Natural gardening ideas can lead to colorful fall ideasNov. 18, 2004
By LYNN WOODWARD, coordinator of campus advocacy
It's fall, and the leaves around here are getting close to turning colors and falling to the ground. Among my favorites are the brilliant yellow ginkgos at Armstrong Browning Library, Burleson Quadrangle, Rena Marrs-McLean Gymnasium, and Sid Richardson Science Building; the yellow Texas ashes at the Sheila and Walter Umphrey Law Center, the vivid red oak at Rogers M. and Louise Rogers Computer Science Building Engineering, the mixed autumnal hues of the Chinese pistachios at Cashion Academic Center and in the Mayborn Museum complex parking lot, not to mention the sweet gum trees in the Morrison Constitution Hall courtyard. Now despite the arduous work involved in herding, collecting and depositing these leaves, I consider the whole process a labor of love.
Indeed, it is a labor of love resulting in the ultimate enhancement of the soil and plants of the Baylor campus.
Since fall 2001, the grounds department has been committed to composting the bulk of these leaves in giant piles at their shop on River Street. The decomposing plant material has thus been regularly incorporated into the flower beds, starting in spring 2002, as those beds underwent their twice-a-year color change .
But why spade old, rotting leaves down into the soil, one asks?
Because the innumerable benefits derived from their addition far outweighs the fuel and manpower costs of hauling them in sacks to the landfill.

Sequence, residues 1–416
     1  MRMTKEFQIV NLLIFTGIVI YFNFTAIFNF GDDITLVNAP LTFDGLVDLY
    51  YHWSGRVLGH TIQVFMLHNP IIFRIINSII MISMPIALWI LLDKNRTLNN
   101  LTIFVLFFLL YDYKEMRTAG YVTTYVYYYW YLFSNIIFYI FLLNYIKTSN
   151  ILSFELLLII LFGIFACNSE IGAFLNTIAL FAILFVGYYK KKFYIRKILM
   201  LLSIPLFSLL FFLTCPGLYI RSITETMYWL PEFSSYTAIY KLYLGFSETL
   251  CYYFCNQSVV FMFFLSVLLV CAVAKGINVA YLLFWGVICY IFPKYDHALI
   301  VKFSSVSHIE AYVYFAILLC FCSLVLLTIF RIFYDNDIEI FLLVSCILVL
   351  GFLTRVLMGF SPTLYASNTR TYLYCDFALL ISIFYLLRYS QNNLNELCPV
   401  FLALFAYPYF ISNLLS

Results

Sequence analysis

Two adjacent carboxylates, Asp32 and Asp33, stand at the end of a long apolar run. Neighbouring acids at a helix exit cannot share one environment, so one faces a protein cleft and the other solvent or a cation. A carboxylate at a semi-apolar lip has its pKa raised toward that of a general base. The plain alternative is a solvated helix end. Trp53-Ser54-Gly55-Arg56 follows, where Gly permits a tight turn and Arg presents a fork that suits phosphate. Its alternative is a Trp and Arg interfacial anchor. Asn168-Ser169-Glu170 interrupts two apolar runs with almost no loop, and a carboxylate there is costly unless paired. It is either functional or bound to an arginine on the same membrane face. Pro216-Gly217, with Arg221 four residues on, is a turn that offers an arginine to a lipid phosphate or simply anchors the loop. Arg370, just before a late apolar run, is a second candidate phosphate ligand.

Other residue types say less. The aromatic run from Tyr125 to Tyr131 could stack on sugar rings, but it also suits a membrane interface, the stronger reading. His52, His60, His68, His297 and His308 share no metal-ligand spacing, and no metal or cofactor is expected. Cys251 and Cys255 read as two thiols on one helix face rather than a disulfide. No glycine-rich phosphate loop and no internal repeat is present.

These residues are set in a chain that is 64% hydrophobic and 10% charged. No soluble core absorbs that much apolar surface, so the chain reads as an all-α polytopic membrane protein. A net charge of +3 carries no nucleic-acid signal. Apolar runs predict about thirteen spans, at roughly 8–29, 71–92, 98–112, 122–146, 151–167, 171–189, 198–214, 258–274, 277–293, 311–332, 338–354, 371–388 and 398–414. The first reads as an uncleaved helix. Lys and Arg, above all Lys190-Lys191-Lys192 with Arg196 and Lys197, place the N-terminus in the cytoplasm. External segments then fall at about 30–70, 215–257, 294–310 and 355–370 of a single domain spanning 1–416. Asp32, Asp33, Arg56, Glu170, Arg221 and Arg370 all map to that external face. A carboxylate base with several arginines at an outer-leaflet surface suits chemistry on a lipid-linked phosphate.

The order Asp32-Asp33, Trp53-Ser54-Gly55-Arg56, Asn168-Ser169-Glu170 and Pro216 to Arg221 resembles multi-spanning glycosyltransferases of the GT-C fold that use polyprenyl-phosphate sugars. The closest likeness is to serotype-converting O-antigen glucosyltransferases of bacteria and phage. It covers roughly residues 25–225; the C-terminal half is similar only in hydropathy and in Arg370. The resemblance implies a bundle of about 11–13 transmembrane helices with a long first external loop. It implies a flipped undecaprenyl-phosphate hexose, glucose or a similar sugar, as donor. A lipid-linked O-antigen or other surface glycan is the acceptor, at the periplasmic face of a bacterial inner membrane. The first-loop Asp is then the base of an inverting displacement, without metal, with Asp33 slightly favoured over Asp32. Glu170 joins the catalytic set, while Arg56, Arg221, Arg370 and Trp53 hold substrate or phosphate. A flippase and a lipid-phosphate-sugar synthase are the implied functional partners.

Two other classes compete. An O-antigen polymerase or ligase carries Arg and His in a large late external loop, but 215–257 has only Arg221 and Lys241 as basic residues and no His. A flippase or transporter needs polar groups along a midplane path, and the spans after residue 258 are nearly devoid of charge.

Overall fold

My overarching goal for the past year on this beloved campus of ours has been to improve the health of the soil in the flower beds. One may have heard on various organic gardening radio talk shows the new battle cry for gardening the natural way: "Healthy soil builds healthy plants."
Incorporating compost into the soil improves microbial and earthworm activity, thereby providing many new efficient absorption by the plants' roots.
If not convinced yet, consider that as one spades or tills this magical material into the soil, not only do a variety of needed nutrients become available to the plants, but also moisture retention and the soil's friability and tilth (terms of soil texture) are steadily improved.
Now, readers, by now on the very edge of your seats, here's the exciting ending to this treatise. For the first time since the Baylor composting program began, facilities services is offering to the Baylor family a "come-and-get-it compost program." As coordinator of campus advocacy, I urge everyone to bring sacks and buckets and carry away these one-year-old leaves to enrich one's own flower beds, shrubs, trees and even potted plants.
The composting site is south of the Ferrell Center, off LaSalle Avenue. Turn onto River Street, pass through the chain link gates, and drive straight ahead to the main leaf pile. Please call ahead to 710-7566 for further information, and to help me to monitor the amount of interest in our composting program. It should be noted as well that one's own spading fork, pitchfork or shovel should be brought for the activity. Gloves also should be worn, to protect the hands against errant broken glass or shreds of aluminum cans. Here I gently insert the following advice: use campus trashcans regularly and often.
Final thoughts for the month of November: now is definitely the time to be adding compost to beds, taking out summer annuals, cutting back begonias and blanketing them with compost for a possible resurrection next spring, digging dinner plate-sized holes about 4" deep and depositing various bulbs that suit your fancy, adding more compost and planting pansies, ornamental kale and maybe even the old-fashioned annual stock, if one can find it.
In the main, just enjoy being out in the cool crisp air, exercising the muscles, and creating beauty. Until next month, happy gardening!